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People v. Ross





Appeal from the Circuit Court of Cook County; the Hon. R. Eugene Pincham, Judge, presiding.


Defendant, Jerome Ross, also known as Donald Baske, appeals from the circuit court's dismissal of his pro se petition for post-conviction relief filed pursuant to section 122-4 of the Code of Criminal Procedure of 1963 (Ill. Rev. Stat. 1983, ch. 38, par. 122-4). For the reasons set forth below, we affirm the dismissal.

Defendant was convicted by a jury of burglary (Ill. Rev. Stat. 1983, ch. 38, par. 19-1) and sentenced to an extended term of 14 years in the Illinois Department of Corrections. Defendant's conviction and sentence were affirmed by this court on direct appeal (People v. Baske (1984), 122 Ill. App.3d 1155) in an unpublished order pursuant to Supreme Court Rule 23 (87 Ill.2d R. 23). On December 12, 1983, defendant filed his pro se post-conviction petition alleging he was denied his right to due process of law because the judge who imposed the extended-term sentence of 14 years failed "to explain the extended term to him, the consequences, and inform him to whether or not he qualified to be sentenced to an extended term." Defendant also stated in his petition that he was indigent and requested that counsel be appointed to represent him.

On February 16, 1983, the trial court dismissed defendant's petition as without merit pursuant to section 122-2.1 of the Code of Criminal Procedure of 1963. (Ill. Rev. Stat., 1984 Supp., ch. 38, par. 122-2.1.) Defendant appeals from the dismissal of his petition. In this appeal, defendant does not challenge the trial court's conclusion that his petition was without merit. Rather, he argues only that section 122-2.1 is unconstitutional because it allows the dismissal of post-conviction petitions which are deemed to be without merit prior to the appointment of counsel. Defendant has advanced the following three grounds in support of his argument that section 122-2.1 is unconstitutional: (1) section 122-2.1 conflicts with Supreme Court Rule 651(c) (87 Ill.2d R. 651(c)) and, therefore, violates the separation of powers doctrine; (2) section 122-2.1 violates the equal protection doctrine; and (3) section 122-2.1 fails to comport with due process requirements.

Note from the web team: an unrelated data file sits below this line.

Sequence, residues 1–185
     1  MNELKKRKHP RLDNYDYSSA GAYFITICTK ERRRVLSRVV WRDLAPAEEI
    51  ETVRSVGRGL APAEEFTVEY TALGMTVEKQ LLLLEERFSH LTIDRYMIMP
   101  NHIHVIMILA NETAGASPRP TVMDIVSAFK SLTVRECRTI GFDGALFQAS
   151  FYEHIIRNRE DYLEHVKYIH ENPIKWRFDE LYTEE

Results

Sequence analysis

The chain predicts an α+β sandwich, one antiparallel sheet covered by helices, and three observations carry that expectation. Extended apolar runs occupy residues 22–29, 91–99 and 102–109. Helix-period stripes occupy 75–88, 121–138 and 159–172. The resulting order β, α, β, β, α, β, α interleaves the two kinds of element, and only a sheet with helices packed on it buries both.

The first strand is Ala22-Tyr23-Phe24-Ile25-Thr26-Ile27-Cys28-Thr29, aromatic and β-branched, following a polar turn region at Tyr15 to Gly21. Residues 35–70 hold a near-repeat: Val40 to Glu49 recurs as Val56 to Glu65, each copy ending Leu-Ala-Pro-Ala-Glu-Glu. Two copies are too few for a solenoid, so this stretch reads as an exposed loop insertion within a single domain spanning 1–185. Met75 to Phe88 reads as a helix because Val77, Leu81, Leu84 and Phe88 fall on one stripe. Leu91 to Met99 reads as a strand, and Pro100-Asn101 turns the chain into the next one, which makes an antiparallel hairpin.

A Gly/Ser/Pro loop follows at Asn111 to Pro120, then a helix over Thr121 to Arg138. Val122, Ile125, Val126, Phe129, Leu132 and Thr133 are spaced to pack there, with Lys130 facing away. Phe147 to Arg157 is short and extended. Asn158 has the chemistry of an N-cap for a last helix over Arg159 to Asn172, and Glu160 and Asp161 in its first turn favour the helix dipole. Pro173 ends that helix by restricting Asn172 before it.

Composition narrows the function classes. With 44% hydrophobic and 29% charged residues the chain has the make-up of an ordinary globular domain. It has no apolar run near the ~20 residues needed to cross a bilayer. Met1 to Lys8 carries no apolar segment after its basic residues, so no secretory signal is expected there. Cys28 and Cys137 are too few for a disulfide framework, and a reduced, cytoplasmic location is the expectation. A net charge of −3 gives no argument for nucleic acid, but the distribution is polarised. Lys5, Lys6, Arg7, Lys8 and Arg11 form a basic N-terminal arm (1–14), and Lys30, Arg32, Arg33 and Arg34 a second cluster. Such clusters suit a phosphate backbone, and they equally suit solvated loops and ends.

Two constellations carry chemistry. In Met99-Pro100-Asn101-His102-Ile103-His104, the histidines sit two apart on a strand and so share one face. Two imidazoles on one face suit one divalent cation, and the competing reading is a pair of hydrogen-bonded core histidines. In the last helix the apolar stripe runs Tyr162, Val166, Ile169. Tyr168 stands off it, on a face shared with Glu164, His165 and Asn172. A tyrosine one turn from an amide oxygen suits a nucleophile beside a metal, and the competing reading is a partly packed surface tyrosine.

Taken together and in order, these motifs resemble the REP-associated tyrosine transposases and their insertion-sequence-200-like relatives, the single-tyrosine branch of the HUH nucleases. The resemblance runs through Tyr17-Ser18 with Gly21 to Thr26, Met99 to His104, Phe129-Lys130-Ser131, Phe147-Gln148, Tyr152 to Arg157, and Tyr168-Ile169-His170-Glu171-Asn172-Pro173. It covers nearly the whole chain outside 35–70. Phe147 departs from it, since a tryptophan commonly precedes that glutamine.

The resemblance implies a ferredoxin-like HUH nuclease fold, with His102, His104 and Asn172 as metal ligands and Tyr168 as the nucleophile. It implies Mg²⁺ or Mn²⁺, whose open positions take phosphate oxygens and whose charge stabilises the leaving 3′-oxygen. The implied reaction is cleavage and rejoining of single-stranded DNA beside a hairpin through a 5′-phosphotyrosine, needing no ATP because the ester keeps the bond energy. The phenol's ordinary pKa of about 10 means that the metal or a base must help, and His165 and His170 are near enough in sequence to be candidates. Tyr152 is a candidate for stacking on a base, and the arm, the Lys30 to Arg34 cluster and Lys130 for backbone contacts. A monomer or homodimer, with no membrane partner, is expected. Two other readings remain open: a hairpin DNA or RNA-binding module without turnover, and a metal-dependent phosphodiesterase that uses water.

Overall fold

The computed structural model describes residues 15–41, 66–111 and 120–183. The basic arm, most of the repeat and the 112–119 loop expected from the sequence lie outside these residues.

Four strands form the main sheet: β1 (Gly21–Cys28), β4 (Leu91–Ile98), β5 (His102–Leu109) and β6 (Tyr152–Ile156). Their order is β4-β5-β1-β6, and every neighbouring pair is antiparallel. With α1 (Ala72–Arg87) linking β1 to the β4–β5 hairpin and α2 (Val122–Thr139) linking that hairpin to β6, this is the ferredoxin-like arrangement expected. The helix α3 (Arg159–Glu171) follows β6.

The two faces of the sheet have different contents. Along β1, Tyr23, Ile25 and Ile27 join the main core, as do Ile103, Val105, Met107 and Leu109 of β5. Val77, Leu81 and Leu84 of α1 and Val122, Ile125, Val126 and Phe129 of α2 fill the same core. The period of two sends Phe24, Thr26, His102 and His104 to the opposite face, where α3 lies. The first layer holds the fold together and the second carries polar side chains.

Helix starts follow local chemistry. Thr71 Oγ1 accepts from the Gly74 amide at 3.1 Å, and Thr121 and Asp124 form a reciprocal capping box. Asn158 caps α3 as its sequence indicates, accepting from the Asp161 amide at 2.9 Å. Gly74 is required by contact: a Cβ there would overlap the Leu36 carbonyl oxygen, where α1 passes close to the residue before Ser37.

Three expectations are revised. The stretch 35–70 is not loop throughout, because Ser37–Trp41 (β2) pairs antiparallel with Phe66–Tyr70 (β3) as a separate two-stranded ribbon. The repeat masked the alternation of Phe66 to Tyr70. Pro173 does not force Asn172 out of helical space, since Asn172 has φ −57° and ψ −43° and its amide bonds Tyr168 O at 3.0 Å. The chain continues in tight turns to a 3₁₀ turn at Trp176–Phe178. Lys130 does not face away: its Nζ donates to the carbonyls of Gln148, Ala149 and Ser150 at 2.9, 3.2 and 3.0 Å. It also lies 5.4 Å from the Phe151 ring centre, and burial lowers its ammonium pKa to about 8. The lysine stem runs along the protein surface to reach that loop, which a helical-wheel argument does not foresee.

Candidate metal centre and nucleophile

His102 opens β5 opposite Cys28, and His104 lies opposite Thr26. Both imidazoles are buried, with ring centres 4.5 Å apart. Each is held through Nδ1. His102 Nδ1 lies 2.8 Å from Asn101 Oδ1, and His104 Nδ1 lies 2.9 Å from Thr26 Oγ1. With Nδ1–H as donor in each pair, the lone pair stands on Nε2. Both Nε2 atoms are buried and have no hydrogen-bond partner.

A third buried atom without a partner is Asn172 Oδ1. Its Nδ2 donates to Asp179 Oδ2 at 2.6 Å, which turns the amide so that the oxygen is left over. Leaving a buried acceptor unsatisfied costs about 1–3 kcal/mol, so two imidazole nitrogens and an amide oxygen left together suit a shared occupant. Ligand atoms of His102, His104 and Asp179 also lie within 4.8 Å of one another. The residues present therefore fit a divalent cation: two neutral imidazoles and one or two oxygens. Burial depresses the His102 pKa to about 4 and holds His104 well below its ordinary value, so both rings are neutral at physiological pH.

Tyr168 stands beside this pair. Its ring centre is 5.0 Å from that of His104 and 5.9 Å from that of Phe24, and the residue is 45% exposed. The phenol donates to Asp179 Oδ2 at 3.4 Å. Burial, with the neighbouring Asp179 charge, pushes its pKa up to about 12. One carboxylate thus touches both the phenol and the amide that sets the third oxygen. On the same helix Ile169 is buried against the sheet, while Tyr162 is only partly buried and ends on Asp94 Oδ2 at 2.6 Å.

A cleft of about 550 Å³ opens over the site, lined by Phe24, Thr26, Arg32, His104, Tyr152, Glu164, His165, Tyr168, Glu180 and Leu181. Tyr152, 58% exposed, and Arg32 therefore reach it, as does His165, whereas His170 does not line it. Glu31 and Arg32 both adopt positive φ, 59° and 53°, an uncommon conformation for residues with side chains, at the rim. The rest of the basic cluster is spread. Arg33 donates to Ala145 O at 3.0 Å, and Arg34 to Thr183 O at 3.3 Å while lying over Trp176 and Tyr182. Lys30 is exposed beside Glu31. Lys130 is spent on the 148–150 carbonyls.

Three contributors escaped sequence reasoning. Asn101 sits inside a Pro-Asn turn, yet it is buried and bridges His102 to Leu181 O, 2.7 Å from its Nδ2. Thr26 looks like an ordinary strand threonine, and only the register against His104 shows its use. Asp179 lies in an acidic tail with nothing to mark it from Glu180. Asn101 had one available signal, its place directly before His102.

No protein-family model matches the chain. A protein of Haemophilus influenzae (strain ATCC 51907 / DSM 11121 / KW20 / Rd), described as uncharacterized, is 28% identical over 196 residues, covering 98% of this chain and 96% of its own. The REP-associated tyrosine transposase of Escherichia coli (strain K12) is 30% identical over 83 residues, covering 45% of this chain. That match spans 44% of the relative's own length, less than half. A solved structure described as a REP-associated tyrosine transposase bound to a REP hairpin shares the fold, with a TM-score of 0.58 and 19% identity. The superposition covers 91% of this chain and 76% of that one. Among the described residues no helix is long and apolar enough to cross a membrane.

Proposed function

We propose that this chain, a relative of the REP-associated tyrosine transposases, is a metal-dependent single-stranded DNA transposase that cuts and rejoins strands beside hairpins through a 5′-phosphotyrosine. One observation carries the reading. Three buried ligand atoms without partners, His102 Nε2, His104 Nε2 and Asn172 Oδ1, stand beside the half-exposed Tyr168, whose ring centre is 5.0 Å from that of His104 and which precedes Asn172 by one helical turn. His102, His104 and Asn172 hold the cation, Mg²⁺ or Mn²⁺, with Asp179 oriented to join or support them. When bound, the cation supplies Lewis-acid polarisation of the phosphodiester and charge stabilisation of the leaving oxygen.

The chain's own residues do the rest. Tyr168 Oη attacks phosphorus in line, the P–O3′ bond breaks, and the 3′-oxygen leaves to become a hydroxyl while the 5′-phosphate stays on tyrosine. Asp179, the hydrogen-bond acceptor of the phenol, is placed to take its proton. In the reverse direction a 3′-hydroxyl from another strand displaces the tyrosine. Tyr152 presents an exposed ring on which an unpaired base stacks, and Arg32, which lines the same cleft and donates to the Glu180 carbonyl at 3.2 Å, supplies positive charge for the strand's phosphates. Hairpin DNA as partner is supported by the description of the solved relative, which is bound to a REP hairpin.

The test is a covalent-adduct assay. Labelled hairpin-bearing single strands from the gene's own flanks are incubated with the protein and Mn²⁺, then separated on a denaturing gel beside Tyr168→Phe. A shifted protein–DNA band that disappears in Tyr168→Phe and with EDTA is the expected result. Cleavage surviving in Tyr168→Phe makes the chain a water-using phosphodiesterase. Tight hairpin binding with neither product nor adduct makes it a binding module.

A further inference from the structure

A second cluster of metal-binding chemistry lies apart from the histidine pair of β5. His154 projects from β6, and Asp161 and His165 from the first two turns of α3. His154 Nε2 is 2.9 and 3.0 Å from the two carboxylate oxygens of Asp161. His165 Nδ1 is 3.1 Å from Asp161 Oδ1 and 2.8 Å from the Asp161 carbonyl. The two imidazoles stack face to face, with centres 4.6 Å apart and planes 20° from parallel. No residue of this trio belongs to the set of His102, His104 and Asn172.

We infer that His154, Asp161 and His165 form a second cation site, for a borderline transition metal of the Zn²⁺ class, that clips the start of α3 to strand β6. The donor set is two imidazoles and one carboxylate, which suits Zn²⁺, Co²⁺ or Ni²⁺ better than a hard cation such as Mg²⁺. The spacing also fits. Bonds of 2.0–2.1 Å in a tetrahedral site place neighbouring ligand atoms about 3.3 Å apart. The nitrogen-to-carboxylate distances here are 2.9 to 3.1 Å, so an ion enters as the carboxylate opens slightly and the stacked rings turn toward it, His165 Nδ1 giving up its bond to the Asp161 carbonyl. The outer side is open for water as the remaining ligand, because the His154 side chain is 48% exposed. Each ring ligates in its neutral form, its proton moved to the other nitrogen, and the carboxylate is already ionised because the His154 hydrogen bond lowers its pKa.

• 1 We will initially address defendant's argument that section 122-2.1 conflicts with Supreme Court Rule 651(c), as amended November 30, 1984, effective December 1, 1984, and, therefore, violates the constitution's mandate of a separation of powers. Defendant asserts that Rule 651(c) indicates that counsel shall be provided for all indigent post-conviction petitioners, while section 122-2.1 permits the trial court to dismiss certain petitions summarily prior to the appointment of counsel.

We find no conflict existing between the two provisions. Section 122-2.1 establishes the following review procedure for post-conviction petitions:

"Dismissal order — Docketing — Examination of file of conviction proceedings.

(a) Within 30 days after the filing and docketing of each petition, the court shall examine such petition and enter an order thereon pursuant to this Section. If the court determines the petition is frivolous or is patently without merit, it shall dismiss the petition in a written order specifying the findings of fact and conclusions of law it made in reaching its decision. Such order of dismissal is a final judgment and shall be served upon the petitioner by certified mail within 10 days of its entry.

(b) If the petition is not dismissed pursuant to this Section, the court shall order the petition to be docketed for further consideration in accordance with Sections 122-4 through 122-6." (Ill. Rev. Stat. 1983, ch. 38, pars. 122-2.1(a), (b).)

Rule 651(c) provides as follows:

"Appeals in Post-Convictions Proceedings.

(c) Record for Indigents; Appointment of Counsel. Upon the timely filing of a notice of appeal in a post-conviction proceeding, if the trial court determines that the petitioner is indigent, it shall order that a transcript of the record of the post-conviction proceedings, including a transcript of the evidence, if any, be prepared and filed with the clerk of the court to which the appeal is taken and shall appoint counsel on appeal, both without cost to the petitioner. The record filed in that court shall contain a showing, which may be made by the certificate of petitioner's attorney, that the attorney has consulted with petitioner either by mail or in person to ascertain his contentions of deprivation of constitutional right, has examined the record of the proceedings at the trial, and has made any amendments to the petitions filed pro se that are necessary for an adequate presentation of petitioner's contentions." (Supreme Court Rule 651(c), as amended (Nov. 30, 1983, eff. Dec. 1, 1984.)

It is apparent that the above provisions are intended to deal with different stages of the post-conviction process; section 122-2.1 pertains to the trial level, while Rule 651(c) concerns appellate procedure. Contrary to defendant's assertion, the language of Rule 651(c) does not require that counsel is ...

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